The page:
Education Planning Part II: Saving Plans, Repayment, & Student Loan Forgiveness
August 22, 2023
In our last blog, we talked about whether it still makes sense to attend college given the rising cost of tuition. If your kiddo is college-bound or you’re simply planning ahead (kudos), here are some important things to know about saving for your child’s education and helping them manage student loan debt wisely.
Save Early, Save Often
The key to offsetting the rising cost of higher education is to start saving as early as you can. Just like with any monetary investment, time is your secret weapon. The longer you give your money to compound, the more your savings will grow.
Say you contribute $500 a month to a 529 plan for 18 years that earns five percent interest each year. By the time your child turns 18, the account will be worth $168,794 (your $108,000 in contributions plus $60,794 in interest), thanks to compounding interest.
But say you wait until your child is 12 before you start saving. Under the same circumstances, you’d have $40,811.48—your $36,000 in contributions and only $4,811 in interest.
Of course, better late than never, but the more time you give your money to grow, the harder it’ll work for you.
There are several options when it comes to the savings and investment vehicles you use. The most common is a 529 plan, which is state-sponsored and can be used to cover a variety of qualifying educational expenses. If your child ends up not needing the money you saved for education (maybe they got a full ride somewhere or decided to join the workforce after graduating high school), there are several things you can do with those funds:
- Take the Money Out: You can always cash in your child’s college savings account if they don’t use it. But it’s important to know that you’ll probably have to pay taxes and penalties on the earnings, although the money you invested is returned to you with no tax implications.
- Change Beneficiaries: You can also change your beneficiary. For example, if you have two children and your firstborn decides not to attend college, you can then update the beneficiary and save the funds for your other child. You can also hold the money in the account indefinitely and save it for your grandkids or even great-grandchildren.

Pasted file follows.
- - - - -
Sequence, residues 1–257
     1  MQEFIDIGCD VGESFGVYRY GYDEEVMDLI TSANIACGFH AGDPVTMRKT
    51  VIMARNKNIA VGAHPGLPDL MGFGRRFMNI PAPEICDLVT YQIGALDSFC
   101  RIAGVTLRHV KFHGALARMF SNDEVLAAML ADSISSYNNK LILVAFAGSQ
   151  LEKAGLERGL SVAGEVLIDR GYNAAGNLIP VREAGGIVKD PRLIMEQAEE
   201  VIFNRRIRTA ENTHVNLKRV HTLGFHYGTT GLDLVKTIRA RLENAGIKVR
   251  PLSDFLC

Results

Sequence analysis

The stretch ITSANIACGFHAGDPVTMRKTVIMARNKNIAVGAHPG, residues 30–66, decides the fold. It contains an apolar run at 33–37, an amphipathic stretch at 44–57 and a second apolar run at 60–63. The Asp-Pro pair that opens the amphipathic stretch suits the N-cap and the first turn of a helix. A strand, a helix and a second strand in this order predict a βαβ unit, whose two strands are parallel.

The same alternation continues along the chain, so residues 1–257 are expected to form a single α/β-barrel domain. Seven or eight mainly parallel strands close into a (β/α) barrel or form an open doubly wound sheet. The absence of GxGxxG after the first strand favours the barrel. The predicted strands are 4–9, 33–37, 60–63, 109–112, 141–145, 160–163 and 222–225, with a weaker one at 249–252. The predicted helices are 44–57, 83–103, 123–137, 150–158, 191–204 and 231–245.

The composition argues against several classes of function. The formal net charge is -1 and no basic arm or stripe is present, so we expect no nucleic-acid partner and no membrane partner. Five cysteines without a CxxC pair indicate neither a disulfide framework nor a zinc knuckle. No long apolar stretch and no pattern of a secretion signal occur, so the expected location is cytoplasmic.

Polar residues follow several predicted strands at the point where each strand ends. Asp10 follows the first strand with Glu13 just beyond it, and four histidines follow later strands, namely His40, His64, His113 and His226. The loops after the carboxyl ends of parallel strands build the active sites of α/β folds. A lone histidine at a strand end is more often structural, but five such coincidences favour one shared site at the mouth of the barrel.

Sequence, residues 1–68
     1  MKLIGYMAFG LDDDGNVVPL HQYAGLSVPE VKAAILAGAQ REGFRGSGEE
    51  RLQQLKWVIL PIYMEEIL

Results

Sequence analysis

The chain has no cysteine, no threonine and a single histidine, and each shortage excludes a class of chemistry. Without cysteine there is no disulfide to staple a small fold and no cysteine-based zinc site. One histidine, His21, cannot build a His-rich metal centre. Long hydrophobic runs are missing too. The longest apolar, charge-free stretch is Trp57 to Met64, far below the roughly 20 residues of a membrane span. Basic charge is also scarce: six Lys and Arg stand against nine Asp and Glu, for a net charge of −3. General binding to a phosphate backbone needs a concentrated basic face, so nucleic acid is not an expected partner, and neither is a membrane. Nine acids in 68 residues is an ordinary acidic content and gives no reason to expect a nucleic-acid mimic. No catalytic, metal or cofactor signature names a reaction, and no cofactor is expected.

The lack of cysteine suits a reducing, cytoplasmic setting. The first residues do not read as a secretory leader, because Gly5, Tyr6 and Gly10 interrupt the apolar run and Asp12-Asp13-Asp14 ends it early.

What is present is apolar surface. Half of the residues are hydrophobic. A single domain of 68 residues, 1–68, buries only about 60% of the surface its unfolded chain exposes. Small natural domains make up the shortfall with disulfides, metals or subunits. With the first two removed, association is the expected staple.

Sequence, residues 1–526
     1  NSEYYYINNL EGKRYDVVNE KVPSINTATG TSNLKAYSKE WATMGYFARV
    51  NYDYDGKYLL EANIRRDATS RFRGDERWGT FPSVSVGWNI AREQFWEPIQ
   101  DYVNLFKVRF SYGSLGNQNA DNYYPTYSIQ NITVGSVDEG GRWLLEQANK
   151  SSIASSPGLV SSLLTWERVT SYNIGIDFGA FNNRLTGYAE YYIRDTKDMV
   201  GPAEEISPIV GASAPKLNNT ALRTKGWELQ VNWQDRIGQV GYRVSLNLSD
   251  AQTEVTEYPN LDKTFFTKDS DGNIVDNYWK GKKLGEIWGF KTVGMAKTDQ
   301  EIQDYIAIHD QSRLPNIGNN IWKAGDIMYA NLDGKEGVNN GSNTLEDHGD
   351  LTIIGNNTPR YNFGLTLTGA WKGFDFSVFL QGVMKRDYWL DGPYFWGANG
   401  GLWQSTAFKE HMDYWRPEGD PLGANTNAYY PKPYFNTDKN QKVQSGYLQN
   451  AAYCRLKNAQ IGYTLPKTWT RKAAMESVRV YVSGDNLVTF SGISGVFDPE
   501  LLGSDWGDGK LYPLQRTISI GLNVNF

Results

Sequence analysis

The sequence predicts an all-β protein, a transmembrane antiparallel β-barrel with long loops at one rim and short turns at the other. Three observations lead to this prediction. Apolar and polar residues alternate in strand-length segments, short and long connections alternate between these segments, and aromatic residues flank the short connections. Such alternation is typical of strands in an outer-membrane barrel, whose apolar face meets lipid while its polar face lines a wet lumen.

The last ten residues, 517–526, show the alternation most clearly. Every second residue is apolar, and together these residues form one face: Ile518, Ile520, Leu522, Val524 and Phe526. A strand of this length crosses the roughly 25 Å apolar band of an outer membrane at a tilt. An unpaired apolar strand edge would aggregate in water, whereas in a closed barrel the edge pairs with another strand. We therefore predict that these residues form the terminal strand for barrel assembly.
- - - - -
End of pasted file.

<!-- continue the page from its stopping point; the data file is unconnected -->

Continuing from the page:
- Use the Money Yourself: Another option is to use the funds for your own educational endeavors. Maybe you’ve always wanted to learn Italian, and there are courses offered at a nearby college, or you want to get your master’s degree—you can make yourself the beneficiary and use the funds to cover expenses at any accredited institution.
Some other options would be a Coverdell education savings account or a Uniform Gift to Minors Act (UGMA) custodial account that names your child as the beneficiary.
There are pros and cons to each kind of savings plan, and the best option will vary from family to family. If you need help determining which route is best for yours, we’d be happy to discuss it with you.
How to Pay Off Student Loan Debt
Once your child graduates, student loan lenders will soon come knocking (typically within six months of finishing school). And the sooner your child can pay off those student loan debts, the better. Not only will they pay less in interest over time, but getting those payments off their balance sheet will allow them to more effectively pursue other goals, like buying a home, starting a family, and getting ahead with their retirement savings.
As a best practice, we recommend devoting 8 to 20 percent of one’s take-home pay to paying off student loans. If it’s doable, plan to pay them off within three or four years—and if that’s not possible, shoot for five to ten years. (This is incredibly important to think about when considering which college your child can afford—because the more they delay payments, the more the interest will inflate, and the longer they’ll have to delay other financial goals.)
Sometimes, though, paying off student loan debt in 10 years or less just isn’t feasible. If that’s the case, your child might consider an income-driven repayment plan. But again, while these options (some of which allow you to extend the payment over decades with low minimum payments) might seem attractive, they don’t eliminate the issue of inflated interest, and your child could end up paying much more over time than they would if they chose their school based on what they could reasonably afford.
But Wait, Won’t Their Student Loans Just Be Forgiven?
Yes, there has been a lot of talk in the news lately about student loan forgiveness, but so far, no legislation has passed. That’s not to say the day will never come when federal student loan debt is forgiven, but it’s not wise to plan for the future based on the assumption that it will be.
Even if your child’s (or your) student loan debt is forgiven, it’s possible that they could be on the hook for a large tax bill based on the amount forgiven.
To get the best ROI for your child’s education, you need to plan early and strategically. If you’d like help preparing for education costs, we’d love to chat with you. Schedule a consultation with us or give us a call.